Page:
Entrepreneurial Loneliness and Talking to Yourself

Dec 7, 2017, Written by Jim Miley


What is Entrepreneurial Loneliness? I have been known to talk to myself. Not just in my mind or a single phrase comment, but actual conversations with two distinct positions arguing opposing points like a scene out of a movie featuring a crazy antagonist. Don’t judge me.

Most people need someone with whom they can collaborate, talk through problems, and brainstorm ideas. That someone needs to be a person we trust and who understands our situation at more than a superficial level. Ideally we can look forward to well-informed feedback to help focus our thoughts and actions.

My definition of Entrepreneurial Loneliness is feeling that you’re missing a trusted partner with whom you can fully share professional challenges. Having both experienced this form of loneliness and heard it described by many clients, I searched the web for a published definition or articles on this very common condition. I found a few articles that almost described my experience but far enough off to prompt a post of my own on the subject.

Small business leadership can be a lonely job.

You wear many hats, devise many plans, drive many objectives, help many people and encounter many problems. And when you just need someone to talk to about your challenges, you sit right down with… yourself?

Often the most available people in our lives are not a good fit for the role of a business collaborator. Our spouse or family may not be equipped to advise or it may not be healthy to bring the weight of talking shop into every conversation. Friends may tell us what we want to hear or not have a stake in the outcomes of our decisions.

Where there is no guidance, a people falls, but in an abundance of counselors there is safety.  Proverbs 11:14 ESV

I empathize deeply with the small business leader. Of course executives and managers of larger organizations do have a similar threat of professional loneliness but it is simply easier to solve with a larger pool of professional peers and capital resources in the mix.

Many of my entrepreneur friends and clients have a surplus of good ideas: ideas for improving their business, ideas for new business concepts, ideas for how their team could develop, the list goes on and on. All of my entrepreneur friends and clients have a portfolio of challenges: challenges to their good ideas, challenges in need of solutions.

Here are some simple and proven actions you can take to both deal with and avoid Entrepreneurial Loneliness:

  • Join an industry Leadership Group: Leadership groups can be “Twenty-Groups”, “Mastermind Groups”, or any of a dozen other named collaboration groups. I recommend an industry-related group as there are benefits to people who understand how your business fits into the industry puzzle.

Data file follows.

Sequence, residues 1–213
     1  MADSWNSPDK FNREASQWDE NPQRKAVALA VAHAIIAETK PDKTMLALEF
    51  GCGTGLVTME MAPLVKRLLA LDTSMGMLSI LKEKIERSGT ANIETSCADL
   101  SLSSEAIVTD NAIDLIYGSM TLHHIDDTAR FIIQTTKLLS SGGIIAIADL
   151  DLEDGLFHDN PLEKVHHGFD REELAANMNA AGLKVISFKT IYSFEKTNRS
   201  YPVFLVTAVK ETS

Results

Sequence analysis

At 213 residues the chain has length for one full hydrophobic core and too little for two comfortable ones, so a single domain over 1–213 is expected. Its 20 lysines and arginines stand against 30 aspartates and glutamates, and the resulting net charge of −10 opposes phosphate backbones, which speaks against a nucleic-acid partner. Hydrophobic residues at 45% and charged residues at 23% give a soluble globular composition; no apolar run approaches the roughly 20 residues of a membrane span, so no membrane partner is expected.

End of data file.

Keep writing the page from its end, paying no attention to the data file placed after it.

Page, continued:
• Find an experienced, successful peer or mentor / sage to schedule regular 1:1 time: I have found great value in relationships developed from my church community. Friends whom you can trust, that share your faith and with whom you will be transparent are great to keep on your calendar. You do have to ask and let them know why you are asking for their input.

Certain persons, by swerving from these, have wandered away into vain discussion… 1 Timothy 1:6 ESV

  • Find a Business Coach to come along side you: This is shameless plug for my trade, but very sincere and heartfelt. Having someone with strong business experience, providing objective feedback and ideas with no personal bias can be a great remedy for Entrepreneurial Loneliness. A business coaching relationship can grow quickly to the point that your coach will understand the nuances of your business and your otherwise private aspirations and needs.

Entrepreneurial Loneliness is a very real condition that most small business owners face at some point and often chronically.  You’re not alone so don’t be. Deal with it well for the good of your business and more importantly your mental health.

Leave a comment on how you avoid Entrepreneurial Loneliness as I’d love to hear your thoughts.

… for by wise guidance you can wage your war, and in abundance of counselors there is victory.  Proverbs 24:6 ESV

Reader Interactions

Leave a Reply

Your email address will not be published. Required fields are marked *

Jim Miley

As a Business Coach, Jim brings a broad background of operational and sales management skills and expertise to help small business owners grow their business and reach their highest potential. He has 30 years of field-proven professional experience.

Related Posts

Lay Off Employees

Is It Christian To Lay Off Employees?

By Sue Miley | January 31, 2023

Christians in the business world want to apply their Christian values to their work but worry that competition will compete based on different criteria. When […]

Read More
Strategies for Small Businesses in a Changing Economy

Strategies for Small Businesses in a Changing Economy

By Sue Miley | November 22, 2022

Small businesses come in every industry and different industries do better in different economic situations.  Who would have thought home sales would continue to soar […]

Read More

Are Your Sales People In the Right Seat On the Bus?  

By Jim Miley | November 8, 2022

One of the most common needs expressed by small business owners is improving their business’ sales performance.  It may be expressed as help with sales […]

Read More